An alternative approach by individuals looking to install charge points is for them to ask that these be connected to the common area electricity supply (thus avoiding the problems of connecting to their own meter). This leads to the question of who pays for the electricity. Again, this may not be a big issue with one or two EV users. However, as the number of EV owners grows, it would not be fair for owners who do not own EVs to subsidise owners who do, via OMC electricity.

Another technical issue may relate to electricity “loads”. As the number of EVs rises, and the number of fast chargers grow, an OMC has to be careful that surges in electricity usage do not overload the system and knock out power for apartment owners. This raises the question of whether the current base infrastructure is adequate.

A further issue relates to standards used for charge points. This matter is still evolving and it would be important that individual owners don’t lock into proprietary standards (as per some solutions currently on the market) but instead favour open standards that will link to each other and to any wider OMC infrastructure.

So there are good reasons why an OMC may wish to discourage individual owners from installing their own charge points, but would prefer that charging points be installed centrally via the OMC.

Of course, for the OMC, the fact that the standards continue to evolve is also an issue as is the fact that it should not adopt a “closed standards” solution. There is also the question of who pays to put the charging infrastructure in place, ie does the OMC pay centrally or can it in some way link the costs of this infrastructure to EV users in the development. It may be possible to develop a pricing model which means users pay slightly above the market rate for electricity, thus allowing the OMC to recoup its initial costs of fitting the technology over time.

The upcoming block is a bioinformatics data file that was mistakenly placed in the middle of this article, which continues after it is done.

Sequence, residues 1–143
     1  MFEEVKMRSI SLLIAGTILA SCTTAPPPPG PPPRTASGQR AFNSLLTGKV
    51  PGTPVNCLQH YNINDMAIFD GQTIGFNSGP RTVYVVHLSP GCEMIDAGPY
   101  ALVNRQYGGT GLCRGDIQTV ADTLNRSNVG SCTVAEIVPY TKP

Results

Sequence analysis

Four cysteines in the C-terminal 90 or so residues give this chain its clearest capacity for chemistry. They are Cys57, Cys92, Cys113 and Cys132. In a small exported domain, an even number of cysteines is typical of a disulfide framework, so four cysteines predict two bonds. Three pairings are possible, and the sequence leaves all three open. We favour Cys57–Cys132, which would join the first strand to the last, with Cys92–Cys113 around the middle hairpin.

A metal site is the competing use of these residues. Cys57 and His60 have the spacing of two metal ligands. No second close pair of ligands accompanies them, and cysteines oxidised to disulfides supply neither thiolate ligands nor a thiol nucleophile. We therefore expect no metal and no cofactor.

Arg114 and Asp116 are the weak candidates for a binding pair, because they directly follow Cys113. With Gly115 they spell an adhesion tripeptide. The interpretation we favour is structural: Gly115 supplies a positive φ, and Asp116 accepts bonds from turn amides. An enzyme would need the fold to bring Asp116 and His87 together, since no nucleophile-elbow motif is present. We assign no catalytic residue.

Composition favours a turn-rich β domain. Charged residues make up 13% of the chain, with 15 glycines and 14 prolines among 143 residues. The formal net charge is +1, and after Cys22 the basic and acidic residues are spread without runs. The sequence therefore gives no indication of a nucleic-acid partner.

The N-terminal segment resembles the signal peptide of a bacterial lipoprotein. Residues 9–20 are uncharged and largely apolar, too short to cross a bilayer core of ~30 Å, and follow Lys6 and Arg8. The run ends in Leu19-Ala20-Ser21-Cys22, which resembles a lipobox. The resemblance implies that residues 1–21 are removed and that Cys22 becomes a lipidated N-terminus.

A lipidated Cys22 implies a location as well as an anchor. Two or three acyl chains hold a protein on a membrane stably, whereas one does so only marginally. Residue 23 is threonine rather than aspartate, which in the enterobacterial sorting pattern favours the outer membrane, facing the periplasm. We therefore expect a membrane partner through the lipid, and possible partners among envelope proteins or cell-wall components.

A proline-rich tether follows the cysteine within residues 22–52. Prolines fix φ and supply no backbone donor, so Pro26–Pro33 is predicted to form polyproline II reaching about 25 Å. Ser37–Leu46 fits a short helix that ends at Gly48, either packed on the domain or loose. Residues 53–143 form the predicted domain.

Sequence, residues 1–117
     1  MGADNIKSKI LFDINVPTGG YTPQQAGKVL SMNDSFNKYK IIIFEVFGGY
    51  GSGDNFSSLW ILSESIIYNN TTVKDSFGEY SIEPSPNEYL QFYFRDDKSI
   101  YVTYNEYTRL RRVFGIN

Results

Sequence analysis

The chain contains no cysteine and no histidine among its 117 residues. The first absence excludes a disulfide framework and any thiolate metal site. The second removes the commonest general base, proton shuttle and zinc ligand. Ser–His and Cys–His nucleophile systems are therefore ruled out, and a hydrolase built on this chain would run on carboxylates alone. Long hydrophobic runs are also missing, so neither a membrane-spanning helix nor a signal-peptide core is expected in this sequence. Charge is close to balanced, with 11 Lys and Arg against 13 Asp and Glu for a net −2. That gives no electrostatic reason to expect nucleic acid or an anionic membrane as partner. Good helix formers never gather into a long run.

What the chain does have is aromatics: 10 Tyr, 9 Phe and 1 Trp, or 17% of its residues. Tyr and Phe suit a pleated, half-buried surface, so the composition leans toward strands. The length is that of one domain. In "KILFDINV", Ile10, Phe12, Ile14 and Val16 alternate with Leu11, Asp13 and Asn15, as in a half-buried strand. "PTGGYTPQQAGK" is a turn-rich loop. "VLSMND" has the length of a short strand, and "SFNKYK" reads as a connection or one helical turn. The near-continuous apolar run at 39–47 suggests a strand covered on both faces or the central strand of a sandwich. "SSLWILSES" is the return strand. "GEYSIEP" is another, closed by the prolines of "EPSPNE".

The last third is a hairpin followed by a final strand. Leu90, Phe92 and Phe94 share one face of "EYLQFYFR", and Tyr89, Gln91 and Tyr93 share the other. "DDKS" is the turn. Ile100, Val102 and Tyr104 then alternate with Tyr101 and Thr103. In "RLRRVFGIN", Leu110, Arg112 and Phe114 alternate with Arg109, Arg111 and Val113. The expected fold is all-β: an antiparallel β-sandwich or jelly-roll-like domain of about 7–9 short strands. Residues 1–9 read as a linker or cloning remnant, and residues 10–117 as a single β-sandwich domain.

There are multiple issues involved, some quite complex. These help to explain why OMCs have been slow to retrofit apartment developments for EV charging. However, there is no doubt that this issue is now moving up the agenda for residential developments.

My advice to any OMC would be to get expert advice before installing EV charge points and there are now a number of EV consultants who advise on this issue. Organisations such as the Sustainable Energy Authority of Ireland (SEAI), Engineers Ireland, and the Society of Chartered Surveyors Ireland (SCSI) may also provide advice.

There may also be a role for increased government involvement on this matter. The Government has set an ambitious national target for numbers of EVs on Irish roads. Many people live in apartment developments yet there is currently no assistance (either financial or technical) to support OMCs in installing EV charging points. Leaving the roll-out of charge points, and the issues involved, to individual multi-unit developments to navigate will inevitably slow down the uptake of EVs in Ireland.

Finbar McDonnell is a chartered property manager and a member of the Society of Chartered Surveyors Ireland,